Once about half of the flowers have shriveled/produced a seed I usually just chop off the stalk and let it dry a few weeks before crushing it with my fingers and saving the seeds. This is also how I treat basil, coriander/cilantro, parsely, etc. You don't need to do anything special to save these seeds.
Here in Brooklyn NY, we had a very mild rainy winter of 11-12, despite some weather weird-ing ie the October Blizzard.
We only had about three low temperatute cold snaps, still I was suprised at the things that overwintered - oregano, thyme, and cilantro.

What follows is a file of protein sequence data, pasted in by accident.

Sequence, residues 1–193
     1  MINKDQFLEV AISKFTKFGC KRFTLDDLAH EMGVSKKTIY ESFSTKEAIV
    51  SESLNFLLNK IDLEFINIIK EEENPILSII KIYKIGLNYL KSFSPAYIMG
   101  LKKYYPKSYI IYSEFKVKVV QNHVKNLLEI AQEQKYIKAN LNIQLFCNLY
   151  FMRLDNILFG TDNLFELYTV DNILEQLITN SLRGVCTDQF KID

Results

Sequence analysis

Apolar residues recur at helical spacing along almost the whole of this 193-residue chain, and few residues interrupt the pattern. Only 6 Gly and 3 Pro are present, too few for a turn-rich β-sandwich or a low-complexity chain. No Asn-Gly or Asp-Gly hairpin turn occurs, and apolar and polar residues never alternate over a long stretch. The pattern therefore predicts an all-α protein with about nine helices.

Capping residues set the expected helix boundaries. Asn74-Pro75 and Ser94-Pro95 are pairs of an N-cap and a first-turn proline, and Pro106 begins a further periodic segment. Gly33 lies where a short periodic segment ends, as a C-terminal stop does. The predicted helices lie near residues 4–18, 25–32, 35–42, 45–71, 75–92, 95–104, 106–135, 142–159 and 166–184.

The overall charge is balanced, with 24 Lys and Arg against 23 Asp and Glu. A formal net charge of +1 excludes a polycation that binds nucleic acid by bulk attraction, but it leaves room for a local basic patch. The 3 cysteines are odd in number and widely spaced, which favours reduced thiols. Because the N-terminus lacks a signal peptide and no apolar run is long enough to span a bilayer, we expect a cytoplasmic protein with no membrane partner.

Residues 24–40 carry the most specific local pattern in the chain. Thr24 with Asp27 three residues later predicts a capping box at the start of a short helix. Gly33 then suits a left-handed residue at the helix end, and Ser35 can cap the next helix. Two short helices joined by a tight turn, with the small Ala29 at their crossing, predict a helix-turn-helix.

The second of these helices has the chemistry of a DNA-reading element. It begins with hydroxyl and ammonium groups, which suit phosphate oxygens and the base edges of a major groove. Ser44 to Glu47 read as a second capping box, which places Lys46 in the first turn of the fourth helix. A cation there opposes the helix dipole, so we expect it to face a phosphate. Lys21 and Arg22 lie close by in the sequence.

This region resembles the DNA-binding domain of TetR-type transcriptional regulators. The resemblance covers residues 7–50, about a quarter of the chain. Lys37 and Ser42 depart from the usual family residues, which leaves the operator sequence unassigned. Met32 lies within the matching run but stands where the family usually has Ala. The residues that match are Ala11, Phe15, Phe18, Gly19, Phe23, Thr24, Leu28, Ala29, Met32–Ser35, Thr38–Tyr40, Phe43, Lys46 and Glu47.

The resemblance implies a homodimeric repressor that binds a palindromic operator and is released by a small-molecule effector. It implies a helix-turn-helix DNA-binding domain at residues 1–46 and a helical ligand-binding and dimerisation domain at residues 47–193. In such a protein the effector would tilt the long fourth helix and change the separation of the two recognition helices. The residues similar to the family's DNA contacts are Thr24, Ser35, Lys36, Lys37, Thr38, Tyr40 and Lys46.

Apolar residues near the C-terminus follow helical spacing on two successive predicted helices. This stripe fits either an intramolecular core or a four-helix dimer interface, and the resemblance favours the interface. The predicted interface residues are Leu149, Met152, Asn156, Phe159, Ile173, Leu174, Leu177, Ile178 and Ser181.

The cilantro plant grew about 31/2 feet high. Yes the cilantro flowers do look like baby' s breath!
Now the plants have bent all the way over to the soil, and have plenty of seeds. Are these seeds ready to save for seed?
They are mostly green in color, not brown. At this point I want the space in the garden.
Can I use them for coriander spice?
Thanks for sharing this info. Im a beginner with veggies just started Cilantro growing this year. I wish I could answer your.question. I just started my from seeds in april. I need to transplant into larger pot.
But if I were you Ide try and save them..its all an experiment sometimes.Good luck..
Here is apic of my snow peas I started from seed...we are getting pelnty now off these beautiful plants..here is a flower from one..